For the more troubled half of its existence, R.E.M.’s songs have displayed the band’s faith in the future, extolling the virtues of pushing forward without looking back. But the R.E.M.’s 15 effort, Collapse into Now, seems to make the most sense when looking in the rear view.
Collapse Into Now can be seen as a trilogy’s closing act. A dark, political (and widely misunderstood) pop album, 2004′s Around the Sun was quietly uneasy about a brewing shitstorm under Bush, while on Accelerate, a band fed up with flat-earth politicians and short-sighted critics alike took the gloves off with its loudest set in years. That line from “Living Well Is the Best Revenge” – “history will set me free” – was hard to read as anything but a statement of triumph from a band many thought was finished.
Though promoted as a record of nothing but bitter brevity and high volume, Accelerate was more diverse than the promotion machine claimed, and is the first album since 1996′s accidental masterpiece New Adventures in Hi-Fi to really try on different hats. With slow, mid-tempo and fast cuts bumping shoulders for equal time, Collapse into Now expands that approach with imperfect sprawl (Accelerate was too meticulous; R.E.M. is thankfully looser here).
Now that their Mr. Smith went to Washington and bumped out Mr. Richards, politics are on the backburner in favor of personal dialogues.
“Discoverer” lights a fire at the outset as the narrator works through a spat with a partner, fueled by vodka and espresso, only to “wake up dreaming saffron, turmeric and brass.” Meanwhile, “Überlin” downshifts with a celestial folk melody and passionate delivery from Michael Stipe about a traveler losing himself in the German city.
As much as possibility and optimism reign, there’s a sad side. The nocturnal melancholy of “Me, Marlon Brando, Marlon Brando and I” takes a moment for heroes that withered rather than fell, and yesterday’s dreams that followed. “It Happened Today” is more vague, its unnamed epiphany dissolving halfway through for a wordless vocal jam with a faint Eddie Vedder.
Famous guests are mere bonuses.
After years of finding the right chemistry for post-Bill Berry R.E.M., this five-man lineup has locked in on an elusive homegrown magic. New Bill (Rieflin) in particular is a secret weapon on Collapse into Now, his grounded fury suitable for any weather R.E.M. can lay at our feet. Check his lightning-rod fills on the caustic kiss-off “All The Best,” where a defiant Stipe rails “I rang the church bells ’til my ears bled red blood cells.”
Speaking of paint-peelers, “Alligator Aviator Autopilot Antimatter” is the life of the party. It ups the bozo giddiness of Accelerate‘s “I’m Gonna DJ” to maniacal levels, with Peaches of all people on crowd control (and sounding relatively reserved compared to her day job). “Hey, hey, alligator, you’ve got a lot to learn,” Stipe taunts, a warning to a new breed of fantastical pop stars who often bite off more than they can chew, but with a wink rather than a wag of the finger.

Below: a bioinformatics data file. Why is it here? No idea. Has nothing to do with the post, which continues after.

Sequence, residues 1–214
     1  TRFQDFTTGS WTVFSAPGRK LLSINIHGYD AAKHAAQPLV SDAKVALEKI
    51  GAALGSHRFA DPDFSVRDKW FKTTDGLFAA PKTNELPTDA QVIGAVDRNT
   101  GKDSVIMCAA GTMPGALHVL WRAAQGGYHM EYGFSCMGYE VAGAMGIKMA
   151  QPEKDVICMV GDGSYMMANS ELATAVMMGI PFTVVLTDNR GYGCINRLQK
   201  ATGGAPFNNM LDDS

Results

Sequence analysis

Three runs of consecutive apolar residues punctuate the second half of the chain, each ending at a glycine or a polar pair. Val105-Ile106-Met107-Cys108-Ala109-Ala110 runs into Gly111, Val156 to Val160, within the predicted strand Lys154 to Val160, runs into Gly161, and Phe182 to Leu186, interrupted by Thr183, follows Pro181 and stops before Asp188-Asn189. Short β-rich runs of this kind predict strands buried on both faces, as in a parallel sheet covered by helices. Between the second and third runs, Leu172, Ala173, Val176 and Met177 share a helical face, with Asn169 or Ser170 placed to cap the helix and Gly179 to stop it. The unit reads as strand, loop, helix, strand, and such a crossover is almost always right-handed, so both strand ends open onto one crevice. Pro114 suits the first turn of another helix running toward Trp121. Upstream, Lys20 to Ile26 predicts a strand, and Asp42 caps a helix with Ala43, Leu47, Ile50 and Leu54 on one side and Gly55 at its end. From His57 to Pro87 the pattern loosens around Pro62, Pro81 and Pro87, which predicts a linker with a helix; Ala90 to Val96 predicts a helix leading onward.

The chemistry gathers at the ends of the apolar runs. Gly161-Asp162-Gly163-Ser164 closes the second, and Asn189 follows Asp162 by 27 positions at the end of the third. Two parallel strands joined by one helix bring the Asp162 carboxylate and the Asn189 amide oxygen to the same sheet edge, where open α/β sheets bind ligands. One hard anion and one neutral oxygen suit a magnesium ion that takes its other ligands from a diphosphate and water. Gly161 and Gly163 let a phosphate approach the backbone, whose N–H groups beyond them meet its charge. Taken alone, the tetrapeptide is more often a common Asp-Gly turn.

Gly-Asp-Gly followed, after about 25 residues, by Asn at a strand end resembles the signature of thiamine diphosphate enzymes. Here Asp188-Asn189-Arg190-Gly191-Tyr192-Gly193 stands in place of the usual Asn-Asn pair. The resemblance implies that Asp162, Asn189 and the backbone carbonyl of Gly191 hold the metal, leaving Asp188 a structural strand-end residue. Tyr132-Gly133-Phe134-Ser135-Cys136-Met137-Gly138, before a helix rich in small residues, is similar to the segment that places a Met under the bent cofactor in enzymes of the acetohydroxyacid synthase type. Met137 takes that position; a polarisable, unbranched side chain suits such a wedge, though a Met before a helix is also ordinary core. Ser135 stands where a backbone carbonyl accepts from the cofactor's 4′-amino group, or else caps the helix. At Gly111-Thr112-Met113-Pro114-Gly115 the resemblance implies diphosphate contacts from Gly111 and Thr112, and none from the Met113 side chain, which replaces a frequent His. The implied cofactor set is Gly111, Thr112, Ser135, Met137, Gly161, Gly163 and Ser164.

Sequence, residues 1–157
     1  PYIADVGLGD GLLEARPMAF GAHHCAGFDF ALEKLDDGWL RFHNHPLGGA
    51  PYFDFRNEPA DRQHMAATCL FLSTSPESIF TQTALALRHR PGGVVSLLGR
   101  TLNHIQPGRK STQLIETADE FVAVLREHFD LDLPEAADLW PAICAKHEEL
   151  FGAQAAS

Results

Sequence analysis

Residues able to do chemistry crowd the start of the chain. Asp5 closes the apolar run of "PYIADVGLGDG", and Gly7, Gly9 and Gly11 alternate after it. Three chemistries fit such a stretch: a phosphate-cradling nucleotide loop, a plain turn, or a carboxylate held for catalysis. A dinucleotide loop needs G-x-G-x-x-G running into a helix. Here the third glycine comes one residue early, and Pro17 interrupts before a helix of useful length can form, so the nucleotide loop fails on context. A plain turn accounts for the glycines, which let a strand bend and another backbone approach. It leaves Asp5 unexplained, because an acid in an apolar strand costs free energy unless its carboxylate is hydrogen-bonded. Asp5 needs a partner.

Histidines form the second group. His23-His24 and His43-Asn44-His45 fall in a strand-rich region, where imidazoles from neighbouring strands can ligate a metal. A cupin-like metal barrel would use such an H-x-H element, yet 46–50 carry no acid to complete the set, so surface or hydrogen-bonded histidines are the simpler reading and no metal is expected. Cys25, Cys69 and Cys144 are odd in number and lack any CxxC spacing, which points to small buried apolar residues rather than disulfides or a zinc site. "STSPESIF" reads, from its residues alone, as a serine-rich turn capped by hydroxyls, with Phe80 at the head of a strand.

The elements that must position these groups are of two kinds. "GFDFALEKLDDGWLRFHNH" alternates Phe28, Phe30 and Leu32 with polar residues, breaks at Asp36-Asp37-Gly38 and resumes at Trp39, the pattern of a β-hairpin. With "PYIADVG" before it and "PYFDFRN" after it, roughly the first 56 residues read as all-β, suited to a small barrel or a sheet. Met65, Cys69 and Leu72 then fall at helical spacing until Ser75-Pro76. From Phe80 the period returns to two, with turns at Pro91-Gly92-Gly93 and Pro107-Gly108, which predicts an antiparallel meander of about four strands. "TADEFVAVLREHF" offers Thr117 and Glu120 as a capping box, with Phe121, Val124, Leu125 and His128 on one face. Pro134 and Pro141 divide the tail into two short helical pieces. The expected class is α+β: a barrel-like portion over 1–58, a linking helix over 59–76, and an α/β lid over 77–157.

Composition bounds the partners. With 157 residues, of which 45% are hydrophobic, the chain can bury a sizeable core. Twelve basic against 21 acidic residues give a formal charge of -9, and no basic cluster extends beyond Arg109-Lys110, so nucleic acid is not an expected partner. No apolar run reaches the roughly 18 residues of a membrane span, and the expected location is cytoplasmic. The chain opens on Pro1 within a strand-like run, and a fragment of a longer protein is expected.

Along with “Alligator,” Collapse‘s quirky, peppy moments (“Mine Smell Like Honey,” the Al Pacino name-drop in “That Someone Is You”) nicely balance out the sobering tone set by “Walk It Back,” a minimal ballad featuring angelic backing vocals from Mike Mills and “Marlon Brando.”
For a band that continues to surprise, the most remarkable thing about the album is how well everything flows, from the stately New Orleans homecoming of “Oh My Heart” to the rumbling bravado in “Mine Smell Like Honey,” where each chorus sounds just a little different from the one before.
Stand and applaud producer Jacknife Lee for ensuring the occasional atmospheric wash enhances rather than drowns out the softer songs.
As classicist as Collapse into Now is, the best track is its sole arty indulgence. Rambling closer “Blue” does its own thing entirely, as wailing feedback signals the implosion and a verbose Stipe falls over himself, just as he did the last time Patti Smith showed up on record (for Hi-Fi‘s “E-Bow the Letter”). Though the chords are a little familiar, Stipe’s untethered telephone confessions, a robotic voice murmuring “blue”, and a surprise ending make for one of R.E.M’s most haunting songs.
In the band’s Rock ‘n’ Roll Hall of Fame acceptance speech, Stipe said his grandmother believed R.E.M. stood for “remember every moment.” There’s not a forgettable one here, whether you favor a Brando slow-burner or Pacino-esque intensity. But is it R.E.M.’s time to collapse? As they forgo tour plans and excuse themselves from the promo circuit, one can hope not. However, if it is, it’s a superb last stand to remind listeners why they stood with these discoverers in the first place – they gave listeners hope, too.
R.E.M. – Collapse into Now tracklist
- “All the Best”
- “Oh My Heart”
- “It Happened Today”
- “Every Day Is Yours to Win
- “Mine Smell Like Honey”
- “Walk It Back”
- “Alligator Aviator Autopilot Antimatter”
- “That Someone Is You”
- “Me, Marlon Brando, Marlon Brando and I”